Science Fair Project Encyclopedia
Framing is a term used to describe the process of erecting a framed structure. Platform style wood-frame construction is described in more detail below. This style of framing is the common method of constructing homes and apartment buildings throughout North America.
The floors, walls and roof of a framed structure are created by assembling consistently sized framing elements (2"x4", 2"x6", etc.) at consistent spacings (12", 16", & 24" on center). The floors, walls and roof are typically made torsionally stable with the installation of a plywood or composite wood "skin" referred to as sheathing. Spacing the framing members properly allows them to magically align with the edges of standard sheathing.
From the foundation, a framer will bolt or otherwise connect a sole or sill plate. Then, depending on the design of the structure, a framer may install a floor, short "pony walls", or full height walls.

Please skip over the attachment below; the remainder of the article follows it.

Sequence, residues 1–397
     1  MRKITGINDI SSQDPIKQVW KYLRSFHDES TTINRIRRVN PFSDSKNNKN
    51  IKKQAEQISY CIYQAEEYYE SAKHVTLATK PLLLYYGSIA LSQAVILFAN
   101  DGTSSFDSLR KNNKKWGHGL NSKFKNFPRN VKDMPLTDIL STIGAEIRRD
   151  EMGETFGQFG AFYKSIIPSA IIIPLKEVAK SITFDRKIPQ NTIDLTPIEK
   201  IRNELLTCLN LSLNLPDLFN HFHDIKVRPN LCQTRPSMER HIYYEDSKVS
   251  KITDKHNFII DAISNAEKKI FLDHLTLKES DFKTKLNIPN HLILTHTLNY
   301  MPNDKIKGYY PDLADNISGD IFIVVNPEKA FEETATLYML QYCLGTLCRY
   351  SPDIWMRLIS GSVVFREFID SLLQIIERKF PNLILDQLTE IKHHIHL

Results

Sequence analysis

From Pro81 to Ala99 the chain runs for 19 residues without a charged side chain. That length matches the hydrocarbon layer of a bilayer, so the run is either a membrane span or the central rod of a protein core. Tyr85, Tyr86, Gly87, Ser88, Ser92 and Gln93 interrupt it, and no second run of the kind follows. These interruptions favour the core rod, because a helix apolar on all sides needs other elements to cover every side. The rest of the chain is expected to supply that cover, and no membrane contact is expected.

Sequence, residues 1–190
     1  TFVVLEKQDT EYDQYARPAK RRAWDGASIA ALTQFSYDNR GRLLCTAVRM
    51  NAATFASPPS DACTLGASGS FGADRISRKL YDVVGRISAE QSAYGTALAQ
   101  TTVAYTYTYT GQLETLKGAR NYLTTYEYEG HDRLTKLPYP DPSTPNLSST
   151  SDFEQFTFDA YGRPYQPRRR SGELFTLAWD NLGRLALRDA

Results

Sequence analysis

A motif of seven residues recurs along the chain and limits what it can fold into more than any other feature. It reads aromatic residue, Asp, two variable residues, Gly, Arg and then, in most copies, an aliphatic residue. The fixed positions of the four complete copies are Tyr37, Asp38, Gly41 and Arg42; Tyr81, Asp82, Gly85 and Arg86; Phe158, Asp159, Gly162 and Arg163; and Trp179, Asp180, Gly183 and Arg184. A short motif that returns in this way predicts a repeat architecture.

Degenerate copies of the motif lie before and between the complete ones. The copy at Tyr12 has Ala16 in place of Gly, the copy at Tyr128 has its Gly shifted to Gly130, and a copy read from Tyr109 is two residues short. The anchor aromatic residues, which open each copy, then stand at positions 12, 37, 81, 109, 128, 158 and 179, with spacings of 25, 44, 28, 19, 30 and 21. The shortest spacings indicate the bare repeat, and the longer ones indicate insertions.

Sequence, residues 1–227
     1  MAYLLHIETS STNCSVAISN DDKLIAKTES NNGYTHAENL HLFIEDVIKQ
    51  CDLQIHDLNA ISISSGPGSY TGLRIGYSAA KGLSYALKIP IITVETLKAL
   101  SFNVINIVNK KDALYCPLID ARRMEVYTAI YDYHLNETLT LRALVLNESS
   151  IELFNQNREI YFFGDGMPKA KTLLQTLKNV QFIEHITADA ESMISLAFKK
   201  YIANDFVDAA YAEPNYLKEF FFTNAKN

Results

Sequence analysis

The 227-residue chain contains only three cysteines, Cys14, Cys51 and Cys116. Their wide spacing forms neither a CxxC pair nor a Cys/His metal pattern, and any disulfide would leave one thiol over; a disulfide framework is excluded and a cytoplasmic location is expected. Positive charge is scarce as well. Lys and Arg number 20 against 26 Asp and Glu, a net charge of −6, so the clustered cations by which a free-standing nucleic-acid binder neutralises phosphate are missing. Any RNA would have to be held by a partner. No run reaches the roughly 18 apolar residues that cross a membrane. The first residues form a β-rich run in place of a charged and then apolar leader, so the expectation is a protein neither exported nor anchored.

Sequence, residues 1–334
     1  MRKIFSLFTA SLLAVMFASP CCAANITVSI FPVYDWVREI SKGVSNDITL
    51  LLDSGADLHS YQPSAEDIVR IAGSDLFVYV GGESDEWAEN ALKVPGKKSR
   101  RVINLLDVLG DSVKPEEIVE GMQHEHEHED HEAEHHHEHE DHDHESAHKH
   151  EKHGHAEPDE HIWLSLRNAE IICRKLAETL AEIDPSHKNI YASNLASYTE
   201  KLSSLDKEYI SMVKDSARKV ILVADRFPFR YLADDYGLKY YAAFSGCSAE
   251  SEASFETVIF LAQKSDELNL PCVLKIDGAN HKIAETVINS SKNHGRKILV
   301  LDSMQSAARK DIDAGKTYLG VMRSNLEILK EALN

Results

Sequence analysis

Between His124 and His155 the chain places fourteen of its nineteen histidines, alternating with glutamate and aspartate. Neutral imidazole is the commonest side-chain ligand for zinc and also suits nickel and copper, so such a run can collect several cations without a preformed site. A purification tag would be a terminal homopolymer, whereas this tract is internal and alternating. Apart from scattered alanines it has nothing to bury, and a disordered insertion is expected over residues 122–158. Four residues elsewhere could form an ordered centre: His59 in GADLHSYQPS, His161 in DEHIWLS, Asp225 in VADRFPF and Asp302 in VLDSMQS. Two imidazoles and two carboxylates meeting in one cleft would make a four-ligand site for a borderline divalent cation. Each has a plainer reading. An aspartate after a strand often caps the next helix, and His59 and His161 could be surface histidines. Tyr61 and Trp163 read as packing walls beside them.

Where the design calls for a framed floor, the resulting platform is where the framer will construct and stand that floor's walls (interior and exterior load bearing walls and space demising, non-load bearing "partitions"). Additional framed floors and their walls may then be erected to a general maximum of four. There will be no framed floor in the case of a single level structure with a concrete floor known as a "slab on grade".
Stairs between floors are framed by installing stepped "stringers" and then placing the horizontal "treads" and vertical "risers".
The top floor's walls will receive the roof. A framed roof is an assembly of prefabricated trusses (most common) or hand cut rafters. The roof members are covered with sheathing or strapping in advance of the finish roofing material.
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